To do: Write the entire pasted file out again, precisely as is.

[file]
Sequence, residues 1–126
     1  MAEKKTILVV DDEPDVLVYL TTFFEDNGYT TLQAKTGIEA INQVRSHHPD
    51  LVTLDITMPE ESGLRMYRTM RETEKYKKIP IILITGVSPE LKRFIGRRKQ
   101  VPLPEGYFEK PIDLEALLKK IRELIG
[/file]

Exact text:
Sequence, residues 1–126
     1  MAEKKTILVV DDEPDVLVYL TTFFEDNGYT TLQAKTGIEA INQVRSHHPD
    51  LVTLDITMPE ESGLRMYRTM RETEKYKKIP IILITGVSPE LKRFIGRRKQ
   101  VPLPEGYFEK PIDLEALLKK IRELIG